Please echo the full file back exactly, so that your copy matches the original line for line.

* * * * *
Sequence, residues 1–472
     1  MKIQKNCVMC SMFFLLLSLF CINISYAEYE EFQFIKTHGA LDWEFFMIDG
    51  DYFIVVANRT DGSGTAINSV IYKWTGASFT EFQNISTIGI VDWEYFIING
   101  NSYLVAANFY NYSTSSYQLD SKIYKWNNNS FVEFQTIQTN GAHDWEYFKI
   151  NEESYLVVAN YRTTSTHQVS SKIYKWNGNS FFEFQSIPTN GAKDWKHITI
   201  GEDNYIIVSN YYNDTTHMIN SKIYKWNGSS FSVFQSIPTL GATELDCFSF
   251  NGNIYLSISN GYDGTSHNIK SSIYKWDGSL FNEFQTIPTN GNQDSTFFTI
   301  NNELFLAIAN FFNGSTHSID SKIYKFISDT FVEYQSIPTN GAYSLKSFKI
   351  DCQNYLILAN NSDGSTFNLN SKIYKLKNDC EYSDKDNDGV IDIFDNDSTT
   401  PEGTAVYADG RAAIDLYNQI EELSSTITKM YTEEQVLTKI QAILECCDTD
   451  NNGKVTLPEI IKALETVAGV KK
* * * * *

Sequence, residues 1–472
     1  MKIQKNCVMC SMFFLLLSLF CINISYAEYE EFQFIKTHGA LDWEFFMIDG
    51  DYFIVVANRT DGSGTAINSV IYKWTGASFT EFQNISTIGI VDWEYFIING
   101  NSYLVAANFY NYSTSSYQLD SKIYKWNNNS FVEFQTIQTN GAHDWEYFKI
   151  NEESYLVVAN YRTTSTHQVS SKIYKWNGNS FFEFQSIPTN GAKDWKHITI
   201  GEDNYIIVSN YYNDTTHMIN SKIYKWNGSS FSVFQSIPTL GATELDCFSF
   251  NGNIYLSISN GYDGTSHNIK SSIYKWDGSL FNEFQTIPTN GNQDSTFFTI
   301  NNELFLAIAN FFNGSTHSID SKIYKFISDT FVEYQSIPTN GAYSLKSFKI
   351  DCQNYLILAN NSDGSTFNLN SKIYKLKNDC EYSDKDNDGV IDIFDNDSTT
   401  PEGTAVYADG RAAIDLYNQI EELSSTITKM YTEEQVLTKI QAILECCDTD
   451  NNGKVTLPEI IKALETVAGV KK